Inside that bubble, everything felt overwhelming. Our reactions to common sights and sounds were different than before. Laughter and joy made us angry and sick to our stomach. We were filled with resentment that the world itself hadn’t ceased to exist when you died. Happiness was now out of reach, and we felt as though we’d never get it back. Some of us didn’t want it back if you weren’t there to share it with us. Even when we were surrounded by people outside our bubble, we felt hopelessly alone and misunderstood.

We became excellent actors worthy of an Oscar. We learned to pretend we were better and back to normal for the benefit of those around us. “Fine” is how we mostly answered the question of, “How are you?” We looked desperately around us for people who actually wanted to hear the truth. We were not fine. When you left us, you took a part of us, and the void it left still ached with a pain so unbearable, we couldn’t find adequate words to describe it.

A few people could see our bubbles; most of them lived in bubbles themselves. Unlike the majority of people in the world around us, these people had the ability to reach inside our bubble and embrace us with understanding. We didn’t have to pretend to be ok around them. We could break down and cry as loud and long as we needed to without worrying about making them uncomfortable. We found a sense of community that we had lost when you died. But none of this made the pain go away.

Over time, small cracks began to develop in our bubbles. These cracks let more light into our dim world. The air that came inside was easier to breathe. The gravity lightened a bit. It still hurt to be alive in a world without you, but we began to learn how to adjust to it so that it wasn’t as debilitating as before.

Many of us learned to pry open the cracks in our bubbles a bit more to let in even more light and air. This changed the chemistry of the atmosphere inside our bubble from that of despair to a mix of memories and longing for you. We learned how to feel happiness and joy once again, even though it never made the pain deep within us subside. We began to learn how to better function in the world around us while still in the confines of our bubbles.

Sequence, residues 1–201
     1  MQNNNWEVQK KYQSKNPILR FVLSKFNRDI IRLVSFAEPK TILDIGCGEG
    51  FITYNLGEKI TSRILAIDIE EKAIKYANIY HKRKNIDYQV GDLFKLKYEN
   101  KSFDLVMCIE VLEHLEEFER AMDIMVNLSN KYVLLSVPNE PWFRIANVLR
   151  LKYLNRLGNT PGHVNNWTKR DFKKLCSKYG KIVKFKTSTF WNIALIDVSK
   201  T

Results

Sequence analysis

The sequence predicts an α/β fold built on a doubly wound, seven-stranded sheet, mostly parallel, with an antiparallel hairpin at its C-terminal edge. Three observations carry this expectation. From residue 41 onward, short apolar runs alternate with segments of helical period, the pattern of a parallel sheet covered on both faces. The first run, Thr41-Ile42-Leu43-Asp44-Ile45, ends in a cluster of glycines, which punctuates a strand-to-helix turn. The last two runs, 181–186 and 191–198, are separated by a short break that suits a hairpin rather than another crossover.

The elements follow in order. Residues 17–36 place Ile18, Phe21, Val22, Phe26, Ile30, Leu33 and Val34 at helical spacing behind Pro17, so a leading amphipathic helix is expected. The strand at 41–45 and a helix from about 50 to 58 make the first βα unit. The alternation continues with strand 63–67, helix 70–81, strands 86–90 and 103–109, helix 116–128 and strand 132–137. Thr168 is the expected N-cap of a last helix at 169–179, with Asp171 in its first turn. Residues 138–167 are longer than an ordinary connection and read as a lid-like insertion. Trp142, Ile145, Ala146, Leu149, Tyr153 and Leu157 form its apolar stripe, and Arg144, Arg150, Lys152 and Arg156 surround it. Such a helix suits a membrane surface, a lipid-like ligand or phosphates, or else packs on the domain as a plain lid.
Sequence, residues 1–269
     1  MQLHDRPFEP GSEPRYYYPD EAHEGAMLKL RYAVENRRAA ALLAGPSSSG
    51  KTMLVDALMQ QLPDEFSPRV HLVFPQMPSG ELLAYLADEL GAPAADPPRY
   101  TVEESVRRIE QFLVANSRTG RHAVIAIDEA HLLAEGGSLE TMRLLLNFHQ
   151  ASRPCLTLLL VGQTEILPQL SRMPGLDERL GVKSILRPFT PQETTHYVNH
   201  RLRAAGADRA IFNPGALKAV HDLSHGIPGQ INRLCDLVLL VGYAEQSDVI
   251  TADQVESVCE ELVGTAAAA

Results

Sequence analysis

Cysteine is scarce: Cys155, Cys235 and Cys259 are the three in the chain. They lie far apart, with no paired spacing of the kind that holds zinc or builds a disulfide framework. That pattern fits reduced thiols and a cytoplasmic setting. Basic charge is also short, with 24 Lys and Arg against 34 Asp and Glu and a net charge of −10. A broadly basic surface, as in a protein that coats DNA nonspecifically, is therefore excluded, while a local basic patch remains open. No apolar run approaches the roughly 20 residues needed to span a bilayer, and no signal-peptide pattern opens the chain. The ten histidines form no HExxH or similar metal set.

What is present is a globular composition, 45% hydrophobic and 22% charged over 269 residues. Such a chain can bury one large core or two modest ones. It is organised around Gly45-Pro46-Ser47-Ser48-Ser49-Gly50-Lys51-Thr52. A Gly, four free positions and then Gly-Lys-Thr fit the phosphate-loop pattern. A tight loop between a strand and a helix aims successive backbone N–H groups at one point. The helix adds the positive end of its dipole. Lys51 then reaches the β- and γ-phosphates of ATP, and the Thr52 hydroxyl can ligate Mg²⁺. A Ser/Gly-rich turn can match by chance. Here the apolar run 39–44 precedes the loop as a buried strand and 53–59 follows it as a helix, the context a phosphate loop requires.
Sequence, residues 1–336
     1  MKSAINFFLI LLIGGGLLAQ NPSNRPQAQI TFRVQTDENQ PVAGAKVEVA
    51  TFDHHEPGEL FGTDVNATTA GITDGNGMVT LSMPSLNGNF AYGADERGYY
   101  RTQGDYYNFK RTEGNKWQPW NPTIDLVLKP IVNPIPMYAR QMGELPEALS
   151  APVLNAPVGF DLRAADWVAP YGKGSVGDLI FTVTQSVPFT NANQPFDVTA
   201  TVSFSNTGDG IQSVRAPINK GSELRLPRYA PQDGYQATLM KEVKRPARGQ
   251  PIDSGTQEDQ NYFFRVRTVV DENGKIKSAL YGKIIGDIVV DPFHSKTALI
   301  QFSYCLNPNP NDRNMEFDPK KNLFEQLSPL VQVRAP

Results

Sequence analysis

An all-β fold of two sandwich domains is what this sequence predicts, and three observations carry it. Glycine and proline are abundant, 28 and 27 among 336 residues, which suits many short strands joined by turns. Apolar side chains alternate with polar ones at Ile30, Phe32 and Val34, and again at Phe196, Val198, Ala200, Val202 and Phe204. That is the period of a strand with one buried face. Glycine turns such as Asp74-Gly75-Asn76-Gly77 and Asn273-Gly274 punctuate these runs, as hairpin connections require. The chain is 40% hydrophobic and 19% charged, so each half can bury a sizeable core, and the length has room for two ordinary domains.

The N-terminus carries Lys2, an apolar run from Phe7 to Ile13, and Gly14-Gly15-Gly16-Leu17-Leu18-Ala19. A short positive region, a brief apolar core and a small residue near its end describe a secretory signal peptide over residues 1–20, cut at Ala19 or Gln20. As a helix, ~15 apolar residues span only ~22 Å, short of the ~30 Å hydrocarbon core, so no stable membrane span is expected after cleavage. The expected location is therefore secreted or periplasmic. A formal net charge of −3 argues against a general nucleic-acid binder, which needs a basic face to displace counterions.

Our bubbles never fully go away. They change over time and may shrink considerably, but the pain will never leave us. This is because the pain was created by – and coexists with – the love that invaded every cell of our body when we stared into your eyes that very first time. And sometimes, we can momentarily release the feeling of pain by focusing our attention on the love that lives with it. The secret is to focus on you and the love you gave us that still lives in our bodies. You remain with us and a part of us.

The fact is we would have died for you. We would have gladly given up our own lives in a heartbeat if it meant you could have continued living. But no one has ever learned how to go back in time to make that sacrifice. So we are left to live and breathe in a world without you. We have to create a new map that takes us into uncharted territory. We do this in your honor. We do this in honor of our family and friends that remain by our side.

We will continue down this new path until we take our own last breaths. And when we leave this world and head into the unknown, we hope to see you there with open, loving arms and hear you say softly, “Welcome. I’ve been waiting for you.”

© Maria Kubitz 2014

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Maria Kubitz

Maria Kubitz lost her four year old daughter in a drowning accident in 2009. In her grief journey, Maria continually tries to find ways to learn from the pain, and maintain a loving, healthy environment for her four other children. She volunteers as newsletter editor at a local chapter of The Compassionate Friends, and in 2012, Maria created www.aliveinmemory.org – a blog about learning to live with grief.